FDA Proposed Ban on Menthol Cigarettes & Flavored Cigars

Last updated: May 2023

The Issue

When Congress passed the Tobacco Control Act in 2009, it gave the Food & Drug Administration (FDA) regulatory authority over the manufacturing and sale of tobacco products. In 2021, the Biden Administration announced its intention to ban menthol cigarettes and flavored cigars from the market. In April 2022, the Food & Drug Administration (FDA) formally published its proposed rules banning menthol cigarettes and flavored cigars, which was followed by a notice-and-comment period for stakeholders and the public to weigh in on the proposals. NACS filed formal comments opposing prohibition on behalf of the convenience store industry. The agency is expected to publish its final rules this year.

Retail Impact

Tobacco products are a vital source of revenue for the convenience store industry. Menthol cigarettes account for 34% of cigarettes sales and flavored cigars account for 51% of cigar sales in convenience stores today. Collectively, menthol cigarettes and flavored cigars combined for $23.7 billion in sales last year. Adult smokers purchasing menthol cigarettes and flavored cigars also purchased $10.7 billion in other, non-tobacco products during their visits to convenience stores last year.

Given the current user base for these products, prohibition will not rid these products from society but instead push current users to the illicit market, creating an issue for society as a whole and undermining the compliance efforts and investments made by responsible tobacco retailers.

Prohibition will lead to an influx of these products on the illicit market and illicit sellers do not discriminate based on age. Convenience store retailers selling tobacco and nicotine products invest resources and time to ensure they are in full compliance with federal, state and local laws. These types of protections are not in place on the burgeoning illicit market.

Moreover, illicit sellers sell unregulated products often imported from outside of the U.S. and containing more harmful ingredients. The tobacco products sold in convenience stores today are all authorized by FDA, meaning they have undergone intense scrutiny by the agency to ensure they meet appropriate standards under The Tobacco Control Act. Counterfeit cigarettes avoid this scrutiny at the cost of the purchaser. The Bureau of Alcohol, Tobacco, Firearms and Explosives (ATF) states, “While all cigarettes are dangerous and are known to cause disease, counterfeit cigarettes often contain higher levels of tar, nicotine and carbon monoxide than genuine cigarettes, and may contain contaminants such as sand and packaging materials. Counterfeit cigarettes pose a greater health risk to consumers and cost taxpayers millions in lost revenue.” While the proposals argue that prohibition will lead to greater health benefits, FDA did not account for the risk to consumers  who buy counterfeit products from the illicit market.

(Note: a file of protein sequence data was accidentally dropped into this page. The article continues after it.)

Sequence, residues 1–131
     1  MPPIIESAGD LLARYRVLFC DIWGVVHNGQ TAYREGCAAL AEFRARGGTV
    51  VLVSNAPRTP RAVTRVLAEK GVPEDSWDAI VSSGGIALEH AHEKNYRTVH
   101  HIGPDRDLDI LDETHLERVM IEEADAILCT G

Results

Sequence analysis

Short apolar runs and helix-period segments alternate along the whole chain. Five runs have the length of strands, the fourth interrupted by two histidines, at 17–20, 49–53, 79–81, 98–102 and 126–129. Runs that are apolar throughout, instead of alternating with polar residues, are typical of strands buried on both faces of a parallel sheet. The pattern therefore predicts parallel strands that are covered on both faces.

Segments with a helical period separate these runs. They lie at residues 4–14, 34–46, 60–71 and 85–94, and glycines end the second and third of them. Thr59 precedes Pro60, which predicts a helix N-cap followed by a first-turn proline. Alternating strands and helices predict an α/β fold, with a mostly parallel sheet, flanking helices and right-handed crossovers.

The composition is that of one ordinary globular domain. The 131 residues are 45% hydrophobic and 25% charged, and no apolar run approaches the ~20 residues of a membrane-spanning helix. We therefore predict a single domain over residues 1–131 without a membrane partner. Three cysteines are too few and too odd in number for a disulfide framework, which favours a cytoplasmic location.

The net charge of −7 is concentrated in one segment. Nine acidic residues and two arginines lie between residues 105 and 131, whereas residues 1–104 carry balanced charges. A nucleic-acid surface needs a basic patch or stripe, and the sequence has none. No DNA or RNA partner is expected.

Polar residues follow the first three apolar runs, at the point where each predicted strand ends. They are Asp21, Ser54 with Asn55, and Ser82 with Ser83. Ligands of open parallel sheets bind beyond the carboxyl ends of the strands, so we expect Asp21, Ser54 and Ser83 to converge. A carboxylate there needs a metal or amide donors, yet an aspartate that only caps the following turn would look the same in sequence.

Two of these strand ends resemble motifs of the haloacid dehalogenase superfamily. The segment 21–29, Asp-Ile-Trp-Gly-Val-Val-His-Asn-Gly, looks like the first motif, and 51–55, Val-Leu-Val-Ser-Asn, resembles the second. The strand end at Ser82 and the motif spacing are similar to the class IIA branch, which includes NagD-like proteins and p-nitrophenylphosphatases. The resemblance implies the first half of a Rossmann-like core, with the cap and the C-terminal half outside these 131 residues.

Lastly, FDA’s proposals failed to consider the undue economic burden placed on legal sellers who lose sales to the illicit market. These regulations do not seem to account for those losses, in particular the losses of sales of non-tobacco items that are purchased when people buy menthol cigarettes or flavored cigars.

NACS Position

FDA’s proposals do not account for the full effects prohibition will have on the illicit market nor the economic impact to legal sellers today. NACS filed formal comments on behalf of the convenience store industry urging the agency to not move forward with its proposal for these reasons.